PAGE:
Over the past several years political debates and theoretical discussions have failed to provide a better understanding of many important issues concerning the role of nations and nationalism in the world today, as well as the political modernization taking place in Russia. Assessments differ widely about the historical value of transformation from an imperial political regime to a nation state. Perceptions also vary about the interconnection between modernization and the ideology of civic nationalism, as well as between civic nationalism and democratization. Some proponents of political modernization do not connect it with national consolidation in Russia, but others view national consolidation and its ideology very narrowly – as phenomena that are based on ethnic mobilization. Still others contend civic nationalism is outdated and place it in opposition to cosmopolitanism. All three approaches seem to be counterproductive both for Russia and for a large number of countries where people have found themselves in a historical “trap.” Essentially, this means that the foundations of societies within a hierarchically organized empire (no matter whether they are the parent state or colonies) have been shattered or fully destroyed, while there are no conditions for the emergence of a nation state. This article summarizes the arguments on this issue that I have voiced in a number of discussions.
THE IMPERIAL LEGACY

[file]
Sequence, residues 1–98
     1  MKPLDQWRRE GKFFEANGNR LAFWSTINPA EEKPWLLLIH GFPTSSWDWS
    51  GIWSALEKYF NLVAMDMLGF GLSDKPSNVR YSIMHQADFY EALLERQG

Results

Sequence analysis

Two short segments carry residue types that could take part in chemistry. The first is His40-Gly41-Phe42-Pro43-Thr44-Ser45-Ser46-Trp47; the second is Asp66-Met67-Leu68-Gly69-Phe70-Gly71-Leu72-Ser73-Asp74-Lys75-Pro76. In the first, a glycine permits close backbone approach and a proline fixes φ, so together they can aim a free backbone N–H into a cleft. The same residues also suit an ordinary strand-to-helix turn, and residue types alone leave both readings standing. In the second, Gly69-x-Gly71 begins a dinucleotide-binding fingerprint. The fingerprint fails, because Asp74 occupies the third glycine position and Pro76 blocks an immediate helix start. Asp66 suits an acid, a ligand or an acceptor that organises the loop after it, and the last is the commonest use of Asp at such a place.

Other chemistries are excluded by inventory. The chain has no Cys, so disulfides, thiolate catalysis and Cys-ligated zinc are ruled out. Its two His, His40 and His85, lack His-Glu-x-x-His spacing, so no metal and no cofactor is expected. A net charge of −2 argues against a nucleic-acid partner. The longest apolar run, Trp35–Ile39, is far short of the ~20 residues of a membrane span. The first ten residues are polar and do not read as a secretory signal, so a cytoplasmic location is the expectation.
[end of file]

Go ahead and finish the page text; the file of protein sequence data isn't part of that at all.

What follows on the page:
In the summer of 2012, I took part in the discussion of a report by acclaimed sociologist and philosopher Ulrich Beck called “Living in and Coping with World Risk Society: The Cosmopolitan Turn.” Beck’s main idea concerns replacing the paradigm of methodological nationalism (which has become outdated and “provincial,” as he puts it) with the cosmopolitanism model. Beck does not provide a definition of methodological nationalism other than that “methodological nationalism assumes that the nation, state, and society are the ‘natural’ social and political forms of the modern world.” Clearly, Beck interprets the essence of what he calls ‘nation state’ in the modern European sense; that is, a state made up of citizens of many ethnic, religious, and racial backgrounds, compared to an ethnic state formed by Germans or Japanese. Nation states can be unitary (e.g., France, Italy, or Sweden) or federal (Switzerland, Germany, or the U.S.). Beck must be familiar with a proposal by Alfred Stepan to consider separately asymmetric federations that include densely populated areas in communities made up of various ethnic and/or religious identities, and call them ‘state nations’ in contrast to ‘nation states,’ a term applied to more homogeneous cultural communities.